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J Trace Elem Med Biol. 2013 Oct;27(4):257-66. doi: 10.1016/j.jtemb.2013.05.002. Epub 2013 Jun 1.

The aluminium content of breast tissue taken from women with breast cancer.

Author information

1
The Birchall Centre, Lennard-Jones Laboratories, Keele University, Staffordshire ST5 5BG, UK. Electronic address: ecrhouse@hotmail.com.

Abstract

The aetiology of breast cancer is multifactorial. While there are known genetic predispositions to the disease it is probable that environmental factors are also involved. Recent research has demonstrated a regionally specific distribution of aluminium in breast tissue mastectomies while other work has suggested mechanisms whereby breast tissue aluminium might contribute towards the aetiology of breast cancer. We have looked to develop microwave digestion combined with a new form of graphite furnace atomic absorption spectrometry as a precise, accurate and reproducible method for the measurement of aluminium in breast tissue biopsies. We have used this method to test the thesis that there is a regional distribution of aluminium across the breast in women with breast cancer. Microwave digestion of whole breast tissue samples resulted in clear homogenous digests perfectly suitable for the determination of aluminium by graphite furnace atomic absorption spectrometry. The instrument detection limit for the method was 0.48 μg/L. Method blanks were used to estimate background levels of contamination of 14.80 μg/L. The mean concentration of aluminium across all tissues was 0.39 μg Al/g tissue dry wt. There were no statistically significant regionally specific differences in the content of aluminium. We have developed a robust method for the precise and accurate measurement of aluminium in human breast tissue. There are very few such data currently available in the scientific literature and they will add substantially to our understanding of any putative role of aluminium in breast cancer. While we did not observe any statistically significant differences in aluminium content across the breast it has to be emphasised that herein we measured whole breast tissue and not defatted tissue where such a distribution was previously noted. We are very confident that the method developed herein could now be used to provide accurate and reproducible data on the aluminium content in defatted tissue and oil from such tissues and thereby contribute towards our knowledge on aluminium and any role in breast cancer.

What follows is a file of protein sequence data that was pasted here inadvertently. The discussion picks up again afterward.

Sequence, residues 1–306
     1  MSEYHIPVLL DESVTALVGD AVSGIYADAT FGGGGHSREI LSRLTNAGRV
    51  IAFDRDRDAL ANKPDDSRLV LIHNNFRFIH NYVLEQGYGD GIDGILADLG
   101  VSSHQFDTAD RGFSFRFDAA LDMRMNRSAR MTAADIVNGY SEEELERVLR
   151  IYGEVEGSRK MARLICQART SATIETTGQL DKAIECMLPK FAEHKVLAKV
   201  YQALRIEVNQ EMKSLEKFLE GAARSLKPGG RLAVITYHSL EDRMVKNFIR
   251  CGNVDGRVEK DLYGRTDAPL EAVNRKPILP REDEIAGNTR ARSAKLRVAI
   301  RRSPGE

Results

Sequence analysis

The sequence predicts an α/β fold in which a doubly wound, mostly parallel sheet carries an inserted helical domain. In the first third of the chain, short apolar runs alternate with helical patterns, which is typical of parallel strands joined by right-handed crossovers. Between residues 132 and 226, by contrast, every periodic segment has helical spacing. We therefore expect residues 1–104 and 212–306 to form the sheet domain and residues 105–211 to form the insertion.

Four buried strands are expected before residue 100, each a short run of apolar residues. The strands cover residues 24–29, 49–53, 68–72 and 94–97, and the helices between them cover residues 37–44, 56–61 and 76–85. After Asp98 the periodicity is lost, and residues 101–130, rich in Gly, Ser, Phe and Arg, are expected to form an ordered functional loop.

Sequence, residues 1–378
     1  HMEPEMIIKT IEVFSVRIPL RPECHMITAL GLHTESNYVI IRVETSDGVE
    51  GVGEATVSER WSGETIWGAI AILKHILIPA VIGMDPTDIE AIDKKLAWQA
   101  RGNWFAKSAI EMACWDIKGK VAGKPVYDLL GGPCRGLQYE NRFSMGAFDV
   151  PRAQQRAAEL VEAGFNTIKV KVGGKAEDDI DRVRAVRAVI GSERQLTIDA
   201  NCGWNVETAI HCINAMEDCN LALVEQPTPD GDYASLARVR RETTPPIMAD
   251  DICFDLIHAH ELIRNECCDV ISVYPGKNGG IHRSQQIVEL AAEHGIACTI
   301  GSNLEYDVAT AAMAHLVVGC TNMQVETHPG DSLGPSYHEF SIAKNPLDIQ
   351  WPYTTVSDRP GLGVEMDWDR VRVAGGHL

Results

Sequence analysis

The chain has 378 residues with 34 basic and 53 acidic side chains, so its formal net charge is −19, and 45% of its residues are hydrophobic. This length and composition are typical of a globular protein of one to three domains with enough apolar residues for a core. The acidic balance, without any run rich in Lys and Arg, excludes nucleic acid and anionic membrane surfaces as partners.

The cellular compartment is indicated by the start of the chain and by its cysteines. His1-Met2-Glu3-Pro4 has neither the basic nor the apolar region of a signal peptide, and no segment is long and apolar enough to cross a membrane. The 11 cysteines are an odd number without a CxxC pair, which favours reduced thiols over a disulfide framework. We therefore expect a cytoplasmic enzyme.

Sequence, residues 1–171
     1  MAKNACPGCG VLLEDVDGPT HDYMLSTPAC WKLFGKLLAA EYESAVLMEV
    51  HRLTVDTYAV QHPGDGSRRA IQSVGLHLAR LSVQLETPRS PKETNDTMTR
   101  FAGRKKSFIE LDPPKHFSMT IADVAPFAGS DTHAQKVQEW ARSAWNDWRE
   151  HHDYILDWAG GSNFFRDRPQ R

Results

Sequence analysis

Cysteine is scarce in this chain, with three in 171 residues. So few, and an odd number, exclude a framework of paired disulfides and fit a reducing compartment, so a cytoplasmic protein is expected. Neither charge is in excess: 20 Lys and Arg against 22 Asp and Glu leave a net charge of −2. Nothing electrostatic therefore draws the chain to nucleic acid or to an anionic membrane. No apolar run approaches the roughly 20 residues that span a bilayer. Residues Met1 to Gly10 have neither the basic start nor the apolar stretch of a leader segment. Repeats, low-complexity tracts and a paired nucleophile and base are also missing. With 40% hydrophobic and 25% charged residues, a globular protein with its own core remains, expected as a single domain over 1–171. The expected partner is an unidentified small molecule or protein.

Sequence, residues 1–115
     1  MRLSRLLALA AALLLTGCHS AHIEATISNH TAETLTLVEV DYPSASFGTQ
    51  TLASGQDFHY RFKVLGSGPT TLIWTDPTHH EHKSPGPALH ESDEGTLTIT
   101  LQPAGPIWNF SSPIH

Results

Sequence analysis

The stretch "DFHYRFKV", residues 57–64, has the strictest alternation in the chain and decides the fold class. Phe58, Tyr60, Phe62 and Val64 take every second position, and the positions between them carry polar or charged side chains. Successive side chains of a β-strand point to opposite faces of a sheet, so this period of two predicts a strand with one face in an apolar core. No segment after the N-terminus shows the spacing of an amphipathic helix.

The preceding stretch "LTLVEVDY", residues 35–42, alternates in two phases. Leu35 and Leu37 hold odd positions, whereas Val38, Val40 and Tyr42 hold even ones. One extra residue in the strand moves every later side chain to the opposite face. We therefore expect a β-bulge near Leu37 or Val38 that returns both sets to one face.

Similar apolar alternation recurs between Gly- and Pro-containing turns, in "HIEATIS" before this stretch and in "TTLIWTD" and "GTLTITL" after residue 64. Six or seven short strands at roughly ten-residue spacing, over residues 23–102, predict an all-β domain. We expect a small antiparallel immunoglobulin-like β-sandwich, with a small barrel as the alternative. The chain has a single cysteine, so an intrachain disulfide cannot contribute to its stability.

KEYWORDS:

Aluminium; Breast cancer; Microwave digestion; THGA AAS

PMID:
23870171
DOI:
10.1016/j.jtemb.2013.05.002
[Indexed for MEDLINE]

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